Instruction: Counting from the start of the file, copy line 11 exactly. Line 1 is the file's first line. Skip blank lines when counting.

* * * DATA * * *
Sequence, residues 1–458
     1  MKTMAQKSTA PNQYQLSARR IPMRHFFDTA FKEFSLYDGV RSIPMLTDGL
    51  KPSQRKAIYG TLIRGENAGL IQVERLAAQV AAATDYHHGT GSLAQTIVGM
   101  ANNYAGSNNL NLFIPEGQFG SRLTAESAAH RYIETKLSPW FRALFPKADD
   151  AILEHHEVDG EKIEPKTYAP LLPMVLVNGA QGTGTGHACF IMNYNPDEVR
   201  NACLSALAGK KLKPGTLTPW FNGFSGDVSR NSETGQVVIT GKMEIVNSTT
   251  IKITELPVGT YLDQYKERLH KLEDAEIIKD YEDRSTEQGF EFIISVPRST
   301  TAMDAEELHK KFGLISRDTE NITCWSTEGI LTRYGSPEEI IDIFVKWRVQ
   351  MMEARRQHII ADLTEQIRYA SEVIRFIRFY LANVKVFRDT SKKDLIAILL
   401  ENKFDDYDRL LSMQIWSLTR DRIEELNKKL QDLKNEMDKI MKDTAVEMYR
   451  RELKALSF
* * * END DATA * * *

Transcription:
   451  RELKALSF